Ten people in Germany die from E.coli

E.coli infected cucumbers kill ten people in Germany

By Michael Smith (Veshengro)

cucumber_web According to the European Centre for Disease Prevention and Control ten German citizens have been killed and hundreds taken ill after an outbreak of E.coli that was caught from a contaminated batch of imported cucumbers.

The virus is a rather complicated form of E.coli – called hemolytic-uremic syndrome – which can cause kidney failure and affect the central nervous system: adults, who are not normally seen as at the greatest risk, have accounted for 87% of reported cases.

Cases of the disease have been reported in Sweden, Denmark, the Netherlands and the UK whilst the cucumbers, which were originally imported from Spain, had also been sent to Hungary, Austria and Luxembourg.

The European Centre for Disease Prevention and Control published the [outbreak] event background and risk assessment on the 27th May:

Event background information

On 22 May 2011, Germany posted a EWRS1 message reporting a significant increase in the number of patients with HUS and bloody diarrhoea caused by STEC. An urgent inquiry was launched through the EPIS platform on 24 May.

The update provided by Germany on 27 May reports 276 cases of HUS since 25 April. While HUS cases are usually observed in children under 5 years of age, in this outbreak 87% are adults, with a clear predominance of women (68%). Cases in children of school age are also reported. Two people affected by HUS have died. The onset of disease relating to the latest reported case was 25 May. New cases are still being reported.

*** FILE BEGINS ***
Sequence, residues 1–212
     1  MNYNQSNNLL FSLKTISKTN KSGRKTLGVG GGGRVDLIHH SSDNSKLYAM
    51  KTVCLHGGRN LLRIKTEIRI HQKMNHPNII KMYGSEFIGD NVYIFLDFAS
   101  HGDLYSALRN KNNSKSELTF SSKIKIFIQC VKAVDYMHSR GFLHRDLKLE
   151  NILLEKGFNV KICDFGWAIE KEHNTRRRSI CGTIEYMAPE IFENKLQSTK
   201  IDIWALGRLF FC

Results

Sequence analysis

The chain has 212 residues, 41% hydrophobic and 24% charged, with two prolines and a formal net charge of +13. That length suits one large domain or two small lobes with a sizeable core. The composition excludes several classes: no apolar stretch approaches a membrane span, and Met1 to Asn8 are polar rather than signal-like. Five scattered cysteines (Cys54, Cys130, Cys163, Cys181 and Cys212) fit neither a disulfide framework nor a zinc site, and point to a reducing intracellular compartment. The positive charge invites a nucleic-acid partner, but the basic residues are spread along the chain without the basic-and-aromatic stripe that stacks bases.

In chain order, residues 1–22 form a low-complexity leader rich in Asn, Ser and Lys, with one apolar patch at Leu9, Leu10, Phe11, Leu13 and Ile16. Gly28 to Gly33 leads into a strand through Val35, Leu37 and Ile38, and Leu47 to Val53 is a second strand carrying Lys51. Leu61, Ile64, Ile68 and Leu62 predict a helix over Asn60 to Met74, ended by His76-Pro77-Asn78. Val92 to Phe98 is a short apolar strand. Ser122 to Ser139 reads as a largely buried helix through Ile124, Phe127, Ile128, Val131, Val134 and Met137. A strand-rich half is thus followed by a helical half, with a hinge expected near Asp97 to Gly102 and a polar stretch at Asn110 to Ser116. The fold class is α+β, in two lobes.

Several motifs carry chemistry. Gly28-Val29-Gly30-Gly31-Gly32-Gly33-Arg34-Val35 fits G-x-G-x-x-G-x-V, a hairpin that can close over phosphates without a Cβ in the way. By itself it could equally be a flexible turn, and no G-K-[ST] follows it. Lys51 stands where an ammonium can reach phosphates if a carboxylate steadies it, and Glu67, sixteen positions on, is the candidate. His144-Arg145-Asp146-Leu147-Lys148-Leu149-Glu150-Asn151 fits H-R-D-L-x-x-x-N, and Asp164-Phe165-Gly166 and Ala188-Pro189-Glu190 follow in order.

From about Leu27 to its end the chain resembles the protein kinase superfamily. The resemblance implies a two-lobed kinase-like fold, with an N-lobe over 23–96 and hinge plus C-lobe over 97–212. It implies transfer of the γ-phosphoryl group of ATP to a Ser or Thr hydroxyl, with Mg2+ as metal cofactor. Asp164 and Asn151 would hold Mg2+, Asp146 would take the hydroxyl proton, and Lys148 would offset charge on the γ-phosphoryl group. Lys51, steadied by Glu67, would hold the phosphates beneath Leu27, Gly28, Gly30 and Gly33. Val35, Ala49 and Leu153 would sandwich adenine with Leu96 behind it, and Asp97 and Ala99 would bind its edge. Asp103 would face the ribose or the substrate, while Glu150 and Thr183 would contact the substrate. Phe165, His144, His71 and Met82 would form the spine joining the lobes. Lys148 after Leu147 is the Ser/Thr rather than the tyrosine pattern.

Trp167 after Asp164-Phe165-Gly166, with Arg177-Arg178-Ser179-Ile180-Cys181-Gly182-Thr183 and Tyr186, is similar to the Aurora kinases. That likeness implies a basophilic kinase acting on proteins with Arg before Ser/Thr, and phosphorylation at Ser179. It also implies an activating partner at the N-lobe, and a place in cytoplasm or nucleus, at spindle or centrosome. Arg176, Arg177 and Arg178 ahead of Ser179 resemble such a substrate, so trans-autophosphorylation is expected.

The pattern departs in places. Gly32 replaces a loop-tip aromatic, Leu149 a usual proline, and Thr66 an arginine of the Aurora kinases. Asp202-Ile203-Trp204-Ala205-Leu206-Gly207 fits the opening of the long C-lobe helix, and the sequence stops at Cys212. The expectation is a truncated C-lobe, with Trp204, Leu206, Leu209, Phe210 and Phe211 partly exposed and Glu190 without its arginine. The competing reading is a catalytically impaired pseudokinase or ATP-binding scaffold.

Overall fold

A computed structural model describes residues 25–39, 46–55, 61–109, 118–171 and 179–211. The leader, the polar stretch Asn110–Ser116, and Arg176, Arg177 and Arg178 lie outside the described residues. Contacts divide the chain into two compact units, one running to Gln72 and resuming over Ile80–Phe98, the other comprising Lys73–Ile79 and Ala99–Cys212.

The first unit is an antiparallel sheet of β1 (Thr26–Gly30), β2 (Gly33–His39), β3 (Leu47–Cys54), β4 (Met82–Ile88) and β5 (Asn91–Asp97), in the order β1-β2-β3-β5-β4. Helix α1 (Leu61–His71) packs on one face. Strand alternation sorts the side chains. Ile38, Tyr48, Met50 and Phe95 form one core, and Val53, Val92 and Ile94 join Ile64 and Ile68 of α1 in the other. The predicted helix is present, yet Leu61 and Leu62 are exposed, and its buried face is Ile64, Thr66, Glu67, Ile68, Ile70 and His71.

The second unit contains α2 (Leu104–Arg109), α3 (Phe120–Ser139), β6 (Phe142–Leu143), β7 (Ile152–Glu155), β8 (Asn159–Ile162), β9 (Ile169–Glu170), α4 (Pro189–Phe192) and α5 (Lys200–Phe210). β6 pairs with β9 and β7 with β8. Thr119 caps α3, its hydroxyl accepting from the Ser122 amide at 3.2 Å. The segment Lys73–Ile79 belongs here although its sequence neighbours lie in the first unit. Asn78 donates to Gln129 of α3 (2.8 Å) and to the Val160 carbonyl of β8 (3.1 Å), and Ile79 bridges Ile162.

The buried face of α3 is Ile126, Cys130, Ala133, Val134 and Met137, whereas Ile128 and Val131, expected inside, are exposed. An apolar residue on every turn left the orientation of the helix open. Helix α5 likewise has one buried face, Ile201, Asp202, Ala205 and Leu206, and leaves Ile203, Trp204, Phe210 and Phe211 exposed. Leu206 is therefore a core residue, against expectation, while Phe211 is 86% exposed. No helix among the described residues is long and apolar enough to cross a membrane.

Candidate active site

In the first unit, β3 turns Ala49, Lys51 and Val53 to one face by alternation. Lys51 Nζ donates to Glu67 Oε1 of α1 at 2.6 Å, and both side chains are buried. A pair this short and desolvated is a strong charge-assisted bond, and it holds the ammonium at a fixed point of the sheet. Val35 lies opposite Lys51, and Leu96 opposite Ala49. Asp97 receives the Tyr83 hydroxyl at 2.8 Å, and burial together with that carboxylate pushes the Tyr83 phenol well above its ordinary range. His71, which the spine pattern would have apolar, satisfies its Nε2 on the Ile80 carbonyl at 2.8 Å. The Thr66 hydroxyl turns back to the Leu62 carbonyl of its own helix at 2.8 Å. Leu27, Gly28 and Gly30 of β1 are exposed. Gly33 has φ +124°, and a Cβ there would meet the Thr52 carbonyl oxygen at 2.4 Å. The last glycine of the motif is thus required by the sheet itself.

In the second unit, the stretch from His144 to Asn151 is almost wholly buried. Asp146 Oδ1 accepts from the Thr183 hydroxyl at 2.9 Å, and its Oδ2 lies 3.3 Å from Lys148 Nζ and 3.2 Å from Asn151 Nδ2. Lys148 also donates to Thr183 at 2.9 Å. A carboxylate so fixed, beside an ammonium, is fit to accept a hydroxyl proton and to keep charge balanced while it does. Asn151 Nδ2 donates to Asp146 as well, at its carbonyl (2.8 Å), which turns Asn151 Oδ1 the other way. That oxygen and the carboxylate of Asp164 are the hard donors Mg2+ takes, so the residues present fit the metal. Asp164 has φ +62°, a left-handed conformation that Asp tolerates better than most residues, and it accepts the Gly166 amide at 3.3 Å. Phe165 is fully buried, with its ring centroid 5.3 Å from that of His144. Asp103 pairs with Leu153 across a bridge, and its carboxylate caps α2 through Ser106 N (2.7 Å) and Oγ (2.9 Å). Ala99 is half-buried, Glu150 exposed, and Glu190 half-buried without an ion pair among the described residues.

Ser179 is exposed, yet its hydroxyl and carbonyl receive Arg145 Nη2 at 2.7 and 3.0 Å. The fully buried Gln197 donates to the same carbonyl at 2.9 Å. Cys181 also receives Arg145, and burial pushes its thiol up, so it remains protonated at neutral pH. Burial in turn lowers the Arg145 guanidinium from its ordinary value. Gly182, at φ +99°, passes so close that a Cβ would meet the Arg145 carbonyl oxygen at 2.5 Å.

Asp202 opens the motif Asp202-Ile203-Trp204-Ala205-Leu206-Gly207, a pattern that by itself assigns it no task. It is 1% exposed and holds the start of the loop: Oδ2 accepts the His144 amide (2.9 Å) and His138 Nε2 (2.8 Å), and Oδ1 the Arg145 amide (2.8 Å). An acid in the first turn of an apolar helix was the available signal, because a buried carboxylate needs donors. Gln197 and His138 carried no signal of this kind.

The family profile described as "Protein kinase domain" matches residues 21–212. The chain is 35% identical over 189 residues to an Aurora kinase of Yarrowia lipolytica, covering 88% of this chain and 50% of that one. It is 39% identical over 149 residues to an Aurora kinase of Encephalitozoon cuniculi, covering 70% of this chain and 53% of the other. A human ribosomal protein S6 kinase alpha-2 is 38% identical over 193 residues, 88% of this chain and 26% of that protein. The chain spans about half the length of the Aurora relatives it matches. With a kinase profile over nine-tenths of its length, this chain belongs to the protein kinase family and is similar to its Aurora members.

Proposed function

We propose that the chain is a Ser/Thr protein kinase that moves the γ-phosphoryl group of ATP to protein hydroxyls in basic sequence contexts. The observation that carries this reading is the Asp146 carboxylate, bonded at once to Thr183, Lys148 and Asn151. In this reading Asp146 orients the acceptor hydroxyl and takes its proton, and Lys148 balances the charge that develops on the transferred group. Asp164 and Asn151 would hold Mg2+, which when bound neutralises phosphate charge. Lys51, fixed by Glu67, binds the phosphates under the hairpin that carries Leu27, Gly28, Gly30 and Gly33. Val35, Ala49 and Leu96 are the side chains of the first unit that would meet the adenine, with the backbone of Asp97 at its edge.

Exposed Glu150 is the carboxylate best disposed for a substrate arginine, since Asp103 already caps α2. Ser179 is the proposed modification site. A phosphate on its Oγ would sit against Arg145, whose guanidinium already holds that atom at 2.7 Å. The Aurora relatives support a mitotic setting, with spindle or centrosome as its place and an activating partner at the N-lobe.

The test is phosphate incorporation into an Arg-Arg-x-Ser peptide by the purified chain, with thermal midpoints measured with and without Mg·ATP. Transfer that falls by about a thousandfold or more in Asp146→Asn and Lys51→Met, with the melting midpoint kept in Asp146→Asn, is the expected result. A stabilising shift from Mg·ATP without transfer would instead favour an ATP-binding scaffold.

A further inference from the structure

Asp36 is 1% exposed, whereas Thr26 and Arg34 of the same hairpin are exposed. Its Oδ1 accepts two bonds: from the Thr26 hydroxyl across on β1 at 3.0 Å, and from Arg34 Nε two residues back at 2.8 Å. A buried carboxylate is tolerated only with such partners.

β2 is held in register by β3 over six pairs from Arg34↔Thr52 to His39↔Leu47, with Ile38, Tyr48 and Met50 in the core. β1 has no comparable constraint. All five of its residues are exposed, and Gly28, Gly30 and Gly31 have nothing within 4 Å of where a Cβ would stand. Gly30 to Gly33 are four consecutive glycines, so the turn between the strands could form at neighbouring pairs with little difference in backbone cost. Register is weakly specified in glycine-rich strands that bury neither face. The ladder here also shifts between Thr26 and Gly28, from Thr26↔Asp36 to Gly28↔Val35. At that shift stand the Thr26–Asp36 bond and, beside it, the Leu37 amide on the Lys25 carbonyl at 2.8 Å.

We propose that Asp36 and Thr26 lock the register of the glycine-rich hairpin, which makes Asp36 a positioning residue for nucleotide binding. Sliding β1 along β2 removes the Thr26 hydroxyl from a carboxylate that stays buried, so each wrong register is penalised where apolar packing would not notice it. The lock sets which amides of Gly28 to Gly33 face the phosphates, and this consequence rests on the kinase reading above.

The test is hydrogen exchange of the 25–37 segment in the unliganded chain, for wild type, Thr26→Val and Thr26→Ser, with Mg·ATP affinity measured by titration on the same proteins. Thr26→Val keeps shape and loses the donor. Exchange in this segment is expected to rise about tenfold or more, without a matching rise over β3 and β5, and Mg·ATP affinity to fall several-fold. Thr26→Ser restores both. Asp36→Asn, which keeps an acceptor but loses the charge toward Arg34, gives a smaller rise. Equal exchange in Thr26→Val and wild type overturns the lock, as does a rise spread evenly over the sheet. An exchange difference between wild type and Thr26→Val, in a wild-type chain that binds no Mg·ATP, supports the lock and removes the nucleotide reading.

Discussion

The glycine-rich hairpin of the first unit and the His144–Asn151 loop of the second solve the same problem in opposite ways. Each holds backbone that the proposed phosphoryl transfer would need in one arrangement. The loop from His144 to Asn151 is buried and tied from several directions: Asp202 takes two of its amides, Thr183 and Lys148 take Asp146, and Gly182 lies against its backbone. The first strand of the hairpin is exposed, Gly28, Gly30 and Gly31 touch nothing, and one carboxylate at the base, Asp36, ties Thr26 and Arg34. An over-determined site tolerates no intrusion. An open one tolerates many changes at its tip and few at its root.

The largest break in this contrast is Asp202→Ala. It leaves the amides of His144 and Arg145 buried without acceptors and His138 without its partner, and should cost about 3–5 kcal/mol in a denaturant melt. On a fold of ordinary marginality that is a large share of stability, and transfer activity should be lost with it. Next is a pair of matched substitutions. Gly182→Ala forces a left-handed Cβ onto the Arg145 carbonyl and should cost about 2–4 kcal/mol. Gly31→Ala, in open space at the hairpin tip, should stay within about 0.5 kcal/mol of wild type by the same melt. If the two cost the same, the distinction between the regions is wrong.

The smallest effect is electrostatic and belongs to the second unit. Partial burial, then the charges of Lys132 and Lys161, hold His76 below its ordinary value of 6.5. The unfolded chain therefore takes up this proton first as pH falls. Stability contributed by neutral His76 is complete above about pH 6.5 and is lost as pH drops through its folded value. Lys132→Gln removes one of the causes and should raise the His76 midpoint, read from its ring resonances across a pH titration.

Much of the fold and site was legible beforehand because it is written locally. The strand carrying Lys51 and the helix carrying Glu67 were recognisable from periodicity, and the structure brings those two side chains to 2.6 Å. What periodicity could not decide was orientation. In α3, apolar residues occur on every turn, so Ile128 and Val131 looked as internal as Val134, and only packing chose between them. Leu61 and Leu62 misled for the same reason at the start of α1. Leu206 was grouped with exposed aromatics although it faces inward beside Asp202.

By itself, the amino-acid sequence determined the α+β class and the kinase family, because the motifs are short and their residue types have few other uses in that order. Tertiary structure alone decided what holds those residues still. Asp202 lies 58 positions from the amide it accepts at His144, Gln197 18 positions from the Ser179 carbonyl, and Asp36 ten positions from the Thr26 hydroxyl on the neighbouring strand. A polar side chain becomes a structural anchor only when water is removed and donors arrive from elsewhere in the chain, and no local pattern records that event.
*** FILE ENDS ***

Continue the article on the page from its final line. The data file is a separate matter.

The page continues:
Laboratory results from samples taken from patients have identified STEC strain of serotype O104:H4 (Stx2-positive, eae-negative). A German study has shown that eae-negative STEC strains generally affect adults more than children. Two strains isolated from patients from Hesse and Bremerhaven were shown to be highly resistant against third-generation cephalosporins (ESBL) and resistant to trimethoprim/sulfonamid and tetracyclines.

Most cases are from, or have a history of travel to, northern Germany (mainly Hamburg, Northern Lower Saxony, Schleswig-Holstein). Clusters of cases were reported from the State of Hessen and linked to a catering company that supplies cafeterias. These most likely constitute a satellite outbreak.

Once again I must raise the question as to how E.coli, a virus that is found in the excrement of humans and animals, has gotten onto vegetables, in this case not leafy ones, as has been the case in the USA of late, but cucumbers, the fruit of a a vine.

The only possibility, really, is that we have contamination at the farm in that irrigation or fertilization is the carrier, or at the packing houses, when it is then the handlers whose hands were not clean.

Simple hygiene measures can prevent such outbreaks, of which we seem to be seeing more and more, and washing of hands is one of them when it comes to pickers and packers. When it comes to the farms there it is simply a case of not applying any slurry or farmyard manure to plants. It is not rocket science and it would seems that the farmers of old were more careful.

© 2011

1The Early Warning and Response System (EWRS) for communicable diseases in the European Union was created by the European Commission to "ensure a rapid and effective response by the EU to events (including emergencies) related to communicable diseases".

EWRS is a web-based system linking the Commission, the public health authorities in Member States responsible for measures to control communicable diseases and the European Centre for Disease Prevention and Control (ECDC). EEA countries (Iceland, Liechtenstein and Norway) are also linked to the system.